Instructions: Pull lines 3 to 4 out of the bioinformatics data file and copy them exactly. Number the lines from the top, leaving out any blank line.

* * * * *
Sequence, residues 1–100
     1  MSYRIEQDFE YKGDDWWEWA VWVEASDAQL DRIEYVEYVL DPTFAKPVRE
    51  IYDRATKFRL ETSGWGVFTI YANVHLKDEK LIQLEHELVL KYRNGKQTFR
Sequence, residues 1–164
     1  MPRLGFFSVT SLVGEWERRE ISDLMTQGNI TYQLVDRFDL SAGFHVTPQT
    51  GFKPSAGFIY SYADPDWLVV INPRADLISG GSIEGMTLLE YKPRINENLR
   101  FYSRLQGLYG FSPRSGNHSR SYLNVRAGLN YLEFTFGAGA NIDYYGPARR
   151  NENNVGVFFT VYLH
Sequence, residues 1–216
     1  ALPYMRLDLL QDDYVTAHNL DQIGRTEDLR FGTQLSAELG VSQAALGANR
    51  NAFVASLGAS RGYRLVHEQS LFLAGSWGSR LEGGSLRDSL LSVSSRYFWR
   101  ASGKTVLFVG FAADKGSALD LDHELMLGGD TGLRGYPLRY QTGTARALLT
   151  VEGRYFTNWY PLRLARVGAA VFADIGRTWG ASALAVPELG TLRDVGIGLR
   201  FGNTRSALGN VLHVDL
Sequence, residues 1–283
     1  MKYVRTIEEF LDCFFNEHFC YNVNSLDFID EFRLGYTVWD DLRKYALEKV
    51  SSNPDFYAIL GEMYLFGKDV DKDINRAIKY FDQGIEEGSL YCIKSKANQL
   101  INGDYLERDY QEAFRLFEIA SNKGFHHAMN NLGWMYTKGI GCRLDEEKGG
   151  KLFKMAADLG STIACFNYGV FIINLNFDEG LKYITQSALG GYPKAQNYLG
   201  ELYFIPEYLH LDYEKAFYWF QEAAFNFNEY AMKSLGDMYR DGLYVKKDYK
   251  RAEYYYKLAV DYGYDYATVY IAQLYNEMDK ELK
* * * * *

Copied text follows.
    51  IYDRATKFRL ETSGWGVFTI YANVHLKDEK LIQLEHELVL KYRNGKQTFR
Sequence, residues 1–164